The best art and science software programs for homeschooling are free of charge. These homeschooling software suites provide learning and also provide ample play opportunities. Find out which ones are geared for use by students and which are primarily for the teachers.
Tux Paint: Open Source Homeschooling Software for Drawing
This free homeschool software program has caught the attention of television and print media. It is designed for children aged 3 to 12, which makes it a good choice for the preschool, K-6 homeschool classroom. Once downloaded (available for Mac, Windows XP/200/Vista/7/95/98/ME and Linux), the child is presented with a blank canvass and a number of drawing tools, such as paint brushes, shape tools and text tools.
Stykz: For Budding Animators
Cartoonists and animators enjoy the use of Stykz, the stick figure generator. Homeschooled students create their own cartoons and storyboards with the use of naturally flowing stick figure animations. Before long, the older elementary of middle school student will have created an entire movie scene. Download for Mac OS 10.4.2 or Windows 2000.
Google Sketch Up: Homeschool Software for 3D Modeling
Available for Mac and Windows, students may create basic buildings and even elaborate structures with very easy tools. As outlined by Newsweek, this game is actually very useful for the autistic student as well.
Paint.Net: Just Like Photoshop, but Free!
Use available photos and manipulate them to your liking. Students learn how to create special effects and also differentiate between fine nuances in the color spectrums. This is an excellent addition to the media-savvy homeschool classroom, K-12.
BlockCAD Lego: Freeware for Lego-loving CAD Novices
The interface is so simple that it is appropriate for the kindergarten homeschool student but still interesting and fun to use for the older elementary school child. Learn aspects of spacing, model design and geometry.
Immune Attack: Homeschooling Educational Software for the Immune System, Science
In this free homeschool software download, players navigate through a 3D environment. Reminiscent of Fantastic Voyage, middle and high school students fight viral and bacterial infections while getting an inside view of cellular biology. The game is available for Windows XP, but not Max OS.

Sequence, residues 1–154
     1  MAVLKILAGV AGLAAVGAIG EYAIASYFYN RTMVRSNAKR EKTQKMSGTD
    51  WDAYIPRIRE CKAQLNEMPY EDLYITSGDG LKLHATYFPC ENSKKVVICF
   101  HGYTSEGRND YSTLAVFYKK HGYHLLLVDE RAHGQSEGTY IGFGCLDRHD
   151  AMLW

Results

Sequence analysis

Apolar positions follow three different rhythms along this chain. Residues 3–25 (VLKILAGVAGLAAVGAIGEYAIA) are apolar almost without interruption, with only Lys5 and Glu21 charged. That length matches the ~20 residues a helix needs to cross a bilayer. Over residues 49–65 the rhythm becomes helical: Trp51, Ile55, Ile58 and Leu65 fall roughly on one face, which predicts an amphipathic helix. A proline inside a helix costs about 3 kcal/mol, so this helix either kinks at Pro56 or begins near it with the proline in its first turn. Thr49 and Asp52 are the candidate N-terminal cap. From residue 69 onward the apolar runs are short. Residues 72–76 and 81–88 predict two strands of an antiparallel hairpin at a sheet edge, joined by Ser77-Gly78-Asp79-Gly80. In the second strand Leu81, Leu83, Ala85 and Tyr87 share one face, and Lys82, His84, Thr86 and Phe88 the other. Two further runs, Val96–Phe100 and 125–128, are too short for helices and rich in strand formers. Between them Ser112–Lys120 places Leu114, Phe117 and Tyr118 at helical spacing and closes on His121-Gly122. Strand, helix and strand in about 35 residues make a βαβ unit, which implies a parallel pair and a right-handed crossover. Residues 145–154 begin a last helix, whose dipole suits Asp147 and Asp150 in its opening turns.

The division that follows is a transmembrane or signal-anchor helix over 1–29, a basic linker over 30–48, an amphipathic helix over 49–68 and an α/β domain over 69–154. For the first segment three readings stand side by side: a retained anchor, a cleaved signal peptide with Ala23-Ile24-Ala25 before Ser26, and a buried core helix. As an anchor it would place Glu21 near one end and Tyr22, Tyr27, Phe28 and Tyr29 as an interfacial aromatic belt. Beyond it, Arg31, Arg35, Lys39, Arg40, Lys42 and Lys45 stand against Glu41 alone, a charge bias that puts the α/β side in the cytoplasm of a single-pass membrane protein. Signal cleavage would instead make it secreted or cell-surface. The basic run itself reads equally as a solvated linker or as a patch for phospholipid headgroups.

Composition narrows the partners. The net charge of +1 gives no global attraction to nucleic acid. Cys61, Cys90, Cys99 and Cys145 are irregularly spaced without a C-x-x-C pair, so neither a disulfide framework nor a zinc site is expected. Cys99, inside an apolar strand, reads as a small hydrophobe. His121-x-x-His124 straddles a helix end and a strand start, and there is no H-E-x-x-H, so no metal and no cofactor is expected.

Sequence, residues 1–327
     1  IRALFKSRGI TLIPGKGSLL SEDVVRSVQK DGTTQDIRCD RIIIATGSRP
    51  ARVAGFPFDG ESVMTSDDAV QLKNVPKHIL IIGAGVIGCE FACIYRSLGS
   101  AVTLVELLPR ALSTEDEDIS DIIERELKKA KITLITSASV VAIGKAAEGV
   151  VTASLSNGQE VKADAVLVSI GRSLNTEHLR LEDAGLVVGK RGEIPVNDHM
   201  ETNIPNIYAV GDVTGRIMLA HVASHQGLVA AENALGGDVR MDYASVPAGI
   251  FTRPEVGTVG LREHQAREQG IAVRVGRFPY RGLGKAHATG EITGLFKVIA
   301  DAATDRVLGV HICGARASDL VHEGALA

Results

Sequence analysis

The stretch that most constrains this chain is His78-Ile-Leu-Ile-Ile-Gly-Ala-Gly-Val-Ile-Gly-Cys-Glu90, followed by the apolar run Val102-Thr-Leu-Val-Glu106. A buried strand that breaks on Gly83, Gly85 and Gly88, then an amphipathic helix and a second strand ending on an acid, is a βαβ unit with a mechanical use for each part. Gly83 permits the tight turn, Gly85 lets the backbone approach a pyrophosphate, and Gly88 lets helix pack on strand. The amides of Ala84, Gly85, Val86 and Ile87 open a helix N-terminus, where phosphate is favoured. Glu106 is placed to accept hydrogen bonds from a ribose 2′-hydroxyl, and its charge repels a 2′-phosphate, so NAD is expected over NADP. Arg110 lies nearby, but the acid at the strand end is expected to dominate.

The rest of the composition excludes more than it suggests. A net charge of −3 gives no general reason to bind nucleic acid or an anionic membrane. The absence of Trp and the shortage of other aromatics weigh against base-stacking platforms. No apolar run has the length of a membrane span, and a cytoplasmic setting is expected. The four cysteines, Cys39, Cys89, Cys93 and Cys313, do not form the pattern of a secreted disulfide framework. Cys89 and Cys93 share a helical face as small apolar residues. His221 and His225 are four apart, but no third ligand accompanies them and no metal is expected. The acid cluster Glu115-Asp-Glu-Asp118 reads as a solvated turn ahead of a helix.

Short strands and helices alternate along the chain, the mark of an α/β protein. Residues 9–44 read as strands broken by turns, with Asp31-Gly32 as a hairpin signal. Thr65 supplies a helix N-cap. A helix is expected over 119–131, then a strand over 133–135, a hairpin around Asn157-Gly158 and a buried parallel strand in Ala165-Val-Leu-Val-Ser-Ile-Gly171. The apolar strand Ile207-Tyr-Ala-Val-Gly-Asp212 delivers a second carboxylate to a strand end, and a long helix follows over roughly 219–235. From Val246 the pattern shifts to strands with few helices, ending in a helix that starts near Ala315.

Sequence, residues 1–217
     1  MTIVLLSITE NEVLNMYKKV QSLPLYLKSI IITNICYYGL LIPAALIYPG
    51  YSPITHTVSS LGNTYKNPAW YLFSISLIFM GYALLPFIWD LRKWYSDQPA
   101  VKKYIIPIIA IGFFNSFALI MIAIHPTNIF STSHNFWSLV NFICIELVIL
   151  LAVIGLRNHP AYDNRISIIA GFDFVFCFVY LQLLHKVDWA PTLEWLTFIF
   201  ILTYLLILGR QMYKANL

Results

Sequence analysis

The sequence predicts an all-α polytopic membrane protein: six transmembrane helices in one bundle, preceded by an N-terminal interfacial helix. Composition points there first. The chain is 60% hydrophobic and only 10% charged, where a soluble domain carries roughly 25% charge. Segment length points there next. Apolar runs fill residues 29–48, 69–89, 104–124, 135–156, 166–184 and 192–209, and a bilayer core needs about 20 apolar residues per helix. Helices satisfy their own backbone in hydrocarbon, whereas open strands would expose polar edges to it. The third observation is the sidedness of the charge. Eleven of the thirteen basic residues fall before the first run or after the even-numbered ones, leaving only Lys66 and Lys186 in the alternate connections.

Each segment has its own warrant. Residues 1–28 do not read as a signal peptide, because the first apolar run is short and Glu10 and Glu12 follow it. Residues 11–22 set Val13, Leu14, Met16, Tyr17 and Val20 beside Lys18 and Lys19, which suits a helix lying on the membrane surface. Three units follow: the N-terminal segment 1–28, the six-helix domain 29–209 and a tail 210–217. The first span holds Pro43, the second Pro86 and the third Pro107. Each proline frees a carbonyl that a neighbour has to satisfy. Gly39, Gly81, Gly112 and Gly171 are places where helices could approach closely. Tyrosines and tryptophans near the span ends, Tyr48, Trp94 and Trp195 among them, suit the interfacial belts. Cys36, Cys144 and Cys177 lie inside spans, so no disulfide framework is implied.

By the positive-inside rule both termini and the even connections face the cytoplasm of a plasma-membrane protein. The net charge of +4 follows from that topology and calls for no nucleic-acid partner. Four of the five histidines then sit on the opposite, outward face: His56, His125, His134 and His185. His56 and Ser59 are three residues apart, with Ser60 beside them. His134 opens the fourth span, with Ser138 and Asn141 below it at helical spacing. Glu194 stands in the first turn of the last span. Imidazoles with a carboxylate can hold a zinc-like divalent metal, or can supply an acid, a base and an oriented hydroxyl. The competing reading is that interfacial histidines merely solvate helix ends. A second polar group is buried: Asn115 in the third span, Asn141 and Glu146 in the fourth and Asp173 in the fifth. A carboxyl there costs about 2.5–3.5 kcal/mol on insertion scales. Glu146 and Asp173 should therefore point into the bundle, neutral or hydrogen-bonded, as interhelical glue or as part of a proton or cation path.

Scratch: Introductory and Advanced Computer Programming Skills
Combining visual and auditory arts with computer programming, students gain an introduction to programming syntax. Children may create stories and animations but only if they get the programming right. Concepts covered include sequence building, looping, conditional statements, variables and event handling. It sounds a lot more complicated than it really is.
Food Force: Homeschool Software for Social Science Lessons
Created by the United Nations’ World Food Programme, this downloadable game places the student into the fictitious island nation of Sheylan where drought and civil war have depleted food sources for the inhabitants. Set up like an arcade game, the player must coordinate supplies, transport them and also develop a workable long-term aid program. Downloads are available for Mac or PC.
Solve Elec: Create Circuit Boards and See If You Are a Budding Electrician
Solve Elec is an excellent Mac or Windows download for the middle and high school classroom. It allows for the creation of basic as well as more involved electrical circuitry using resistors, diodes and transistors. Homeschooling parents will do well to play around with this during off-hours, since the program itself does not provide a lot of hand-holding for the kids.
GeoGebra: Homeschooling Educational Software for Geometry and Algebra
This is one of the best software programs for homeschooling, since it is useful for the elementary school classroom as well as the high school setting. Parents need to play around a bit and get used to the way vectors, conic sections and also functions may be entered. The visual appeal of this software enables students to grasp the actual applicability of the formulas they are learning.
http://sketchup.google.com/ / http://www.newsweek.com/id/179952